Emotional intelligence—or “EQ”—is one of the most powerful tools for success in life. It’s arguably a bigger factor than IQ in determining the success of our relationships. And since relationships are at the core of everything we do in life, it makes sense that EQ would be at the top of the list for crucial life skills.
What is EQ?
Emotional intelligence has five main components:
Self-awareness—The ability to understand our own emotions, where they come from, and what effects they have on others.
Motivation—An internal drive to do better and achieve more.
Self-regulation—Our ability to control our emotions, especially when things get tense. People with high EQ will avoid hurling personal insults or engaging in emotional outbursts.
Empathy—The ability to recognize the feelings of others and put ourselves in their place for better understanding.
Social skills—Being able to communicate what we mean so that others understand.
When we’re skilled in all of these areas, we can readily gain the support of others, avoid conflicts, and lower stress. Our relationships—both personal and professional—will flourish.
How to increase your EQ
Unlike IQ, emotional intelligence is something we can develop with practice and time. It’s a skill that will pay off many times over in the workplace, at home, in our romantic lives—and for our own peace of mind.
Here are 4 ways to improve emotional intelligence:
1. Pay attention to your own feelings
One of the first steps in improving your EQ is paying attention to how you feel. It may seem simple enough, but our own feelings can be neglected in day-to-day life. This can increase stress and affect other people around us as we become more fatigued from built-up pressure.
Start with body language. Pause and pay attention to your body language when you experience different emotions, positive or negative. What do you instinctively do when you get bad news? A lot of people will clench their fists, tighten their breathing, and tense up their shoulders. Release the tension consciously and take control of your breath.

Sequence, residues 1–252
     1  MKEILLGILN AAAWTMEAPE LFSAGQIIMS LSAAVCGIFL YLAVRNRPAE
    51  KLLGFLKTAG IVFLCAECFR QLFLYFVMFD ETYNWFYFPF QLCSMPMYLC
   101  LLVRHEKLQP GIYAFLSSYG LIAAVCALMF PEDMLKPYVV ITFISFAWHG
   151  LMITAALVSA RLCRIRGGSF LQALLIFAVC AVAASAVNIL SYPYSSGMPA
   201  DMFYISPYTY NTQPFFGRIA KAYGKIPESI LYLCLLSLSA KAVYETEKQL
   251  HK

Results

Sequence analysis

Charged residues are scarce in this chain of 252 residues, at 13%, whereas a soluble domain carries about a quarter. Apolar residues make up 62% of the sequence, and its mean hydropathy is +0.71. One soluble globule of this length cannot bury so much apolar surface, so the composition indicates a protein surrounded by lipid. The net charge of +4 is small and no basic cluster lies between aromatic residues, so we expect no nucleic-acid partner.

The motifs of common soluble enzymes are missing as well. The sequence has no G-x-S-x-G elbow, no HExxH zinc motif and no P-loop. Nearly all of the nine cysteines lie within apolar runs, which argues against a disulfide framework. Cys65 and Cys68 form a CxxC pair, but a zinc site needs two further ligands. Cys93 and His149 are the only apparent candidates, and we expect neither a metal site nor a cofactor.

Also, consider writing down your feelings in a journal. It’s not only a good release, but can help you understand more details about how you came to feel a certain way.
SUGGESTED READING: Communication is Your Responsibility
2. Observe other people
How do people react around you in different situations or when you do certain things? Many people with low EQ will blame others for their feelings and reactions, never taking responsibility for how they process external events. By paying close attention to others, you may notice a pattern of personal behavior which will give you the opportunity to nip your negative and reactionary responses in the bud.
Pause before reacting and put yourself into the other person’s place. How would you feel in his or her position?What could be a possible reason for their behavior? I’ll often do this while driving. It’s a quick way to release tension and prevent road rage. Sure, “X” drove fast and cut me off, but maybe “X” just had a fight with his or her spouse and isn’t conscious of erratic driving. That’s not a justification, but understanding others’ behavior helps diffuse many situations—while also making us better negotiators.
4. Active listening
Here’s one skill that many people could improve. Active listening is a deliberate attempt to not only hear what someone is saying, but to understand it. This sounds simple enough, but many people will nod to give the impression of listening, but will actually just be waiting to reply—or ignore the other person altogether.
Those with low EQ will impulsively start talking about themselves every chance they get, no matter what the topic is.
For active listening, try what I call the “Snowball Technique.” This approach, when successfully employed, will build a conversation, “snowballing” into mutual understanding. Here’s how it works:
Listen to his/her words—Focus on each thing he/she says and pay attention to key points. This will come in handy later.
Repeat the message back to him/her—Repackage what he/she just said in your own words. This will show you’re listening and also help you understand better because you’re using your own language. Any misunderstandings can be filtered out here.
Add your opinion, if appropriate—To keep things conversational, consider adding your two cents. But be aware of others sharing thoughts or feeling that don’t need your opinion. In these cases, just acknowledge that you heard and understand.
Dig deeper—Now bring it full circle and ask a “why” question. Why is he/she interested in that? Why did he/she start engaging in this activity? This question will uncover motivations and go beyond the superficial.
Recall—Since you were paying close attention, you’ll be able to bring up points or topics that came up earlier in the conversation. You can tie it into the current topic or move to another one. Either way, your listening abilities will be clear and will create the opportunity to connect on a deeper level.